This snowflake duet reveals the size difference in various snowflake shapes, but it also has a splash of colour in an unusual spot from an uncommon cause! I love these extra adornments, and I’m happy to explain them as well!
When snowflakes are small, they’re all some variety of hexagonal prism – tiny plates or columns of ice with almost no detail. These “starter” snowflakes can keep their hexagonalness (I’m making this a word) up to a certain point, but the branching instability will eventually cause the corners to grow into branches. The tiny hexagon crystal could have gotten larger, as we have evidence in the larger snowflake that it nearly doubled in diameter in the center – but when you see a hexagon shape, you know it’s small, with most of them 1mm or less in size.
The spot of colour is a fun curiosity! It’s important to note that when you observe snowflakes looking for a specimen worthy of photographing, you might discard thousands of crystals. The sheer volume of snowflakes that fall will allow for some oddball discoveries, like we’re seeing here. What’s odd? By pure randomness, the tip of a branch from another snowflake stuck itself to the backside of this one – that colourful area was originally part of a different crystal structure. Colours caused from thin film interference can be seen when two snowflakes “fuse” together, if they have had enough time to sublimate and re-attach water molecules inside of the small gap between layers of ice. This creates small gradients in thickness that reveal colour patterns that flow more smoothly, more closely resembling what you would see on soap film compared to a snowflake. I’ve documented this well in plate-type snowflake fusing before: www.flickr.com/photos/donkom/46263921474/ - and the colours in this snowflake formed the same way.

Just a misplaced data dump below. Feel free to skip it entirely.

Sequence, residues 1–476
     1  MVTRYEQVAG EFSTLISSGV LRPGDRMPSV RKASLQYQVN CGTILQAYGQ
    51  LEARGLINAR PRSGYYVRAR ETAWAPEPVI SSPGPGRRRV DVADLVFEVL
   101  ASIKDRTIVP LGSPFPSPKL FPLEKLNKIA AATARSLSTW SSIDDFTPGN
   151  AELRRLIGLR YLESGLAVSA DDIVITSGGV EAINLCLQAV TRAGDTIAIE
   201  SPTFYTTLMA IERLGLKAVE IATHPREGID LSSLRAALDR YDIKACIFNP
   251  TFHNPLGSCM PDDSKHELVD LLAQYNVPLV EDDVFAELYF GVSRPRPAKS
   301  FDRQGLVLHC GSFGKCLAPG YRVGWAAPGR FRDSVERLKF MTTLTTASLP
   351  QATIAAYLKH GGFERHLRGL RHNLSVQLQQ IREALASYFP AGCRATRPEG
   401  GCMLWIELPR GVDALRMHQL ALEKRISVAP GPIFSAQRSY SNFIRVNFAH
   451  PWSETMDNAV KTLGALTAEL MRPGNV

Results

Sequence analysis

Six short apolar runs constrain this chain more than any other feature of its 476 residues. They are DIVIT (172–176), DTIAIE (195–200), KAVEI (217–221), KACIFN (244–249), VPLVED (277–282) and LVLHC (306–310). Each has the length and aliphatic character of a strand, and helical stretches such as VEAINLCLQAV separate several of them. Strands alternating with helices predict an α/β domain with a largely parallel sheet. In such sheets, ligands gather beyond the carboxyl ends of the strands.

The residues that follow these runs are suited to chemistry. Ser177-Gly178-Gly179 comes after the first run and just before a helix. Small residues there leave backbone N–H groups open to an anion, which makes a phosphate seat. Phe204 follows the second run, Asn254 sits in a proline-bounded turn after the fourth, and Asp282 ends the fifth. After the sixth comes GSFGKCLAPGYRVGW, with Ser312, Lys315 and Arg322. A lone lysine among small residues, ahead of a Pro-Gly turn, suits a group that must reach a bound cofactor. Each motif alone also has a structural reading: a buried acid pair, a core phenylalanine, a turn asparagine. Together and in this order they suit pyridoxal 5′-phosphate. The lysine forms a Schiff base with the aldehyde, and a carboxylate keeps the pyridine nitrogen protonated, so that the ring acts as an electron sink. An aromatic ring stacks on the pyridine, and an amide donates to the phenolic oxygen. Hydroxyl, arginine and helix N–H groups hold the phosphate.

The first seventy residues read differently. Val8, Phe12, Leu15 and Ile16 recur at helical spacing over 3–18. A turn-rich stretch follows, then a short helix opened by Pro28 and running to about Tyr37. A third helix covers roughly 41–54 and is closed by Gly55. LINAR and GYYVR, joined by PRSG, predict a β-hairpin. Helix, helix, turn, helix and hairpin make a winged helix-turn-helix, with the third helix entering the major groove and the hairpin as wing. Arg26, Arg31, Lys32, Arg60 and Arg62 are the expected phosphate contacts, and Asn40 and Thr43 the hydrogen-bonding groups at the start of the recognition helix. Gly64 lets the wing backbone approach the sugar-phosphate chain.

There are signs of other attachments as well – the evidence is presented as unbalanced details. See the right-most branch? It doesn’t have the same club-like shape as the others. There was another snowflake that was connected here at some point during the final stages of growth. I often use a small artist’s paintbrush to clear clutter off of a snowflake, but that clutter is sometimes part of a greater whole. The missing crystal could have also fallen off in the air or as the snowflake hit the ground.
Every one of these minuscule arrangements of water molecules has a story to tell. Some are ugly balls of ice, others exhibit near-perfect symmetry, but it’s rare that the story of a snowflake is not affected by the stories of those that formed around it. For more snowflake stories and macro photography musings, be sure to check out my comprehensive how-to book on the subject, while quantities last: thecamerastore.com/products/don-komarechka-macro-photogra...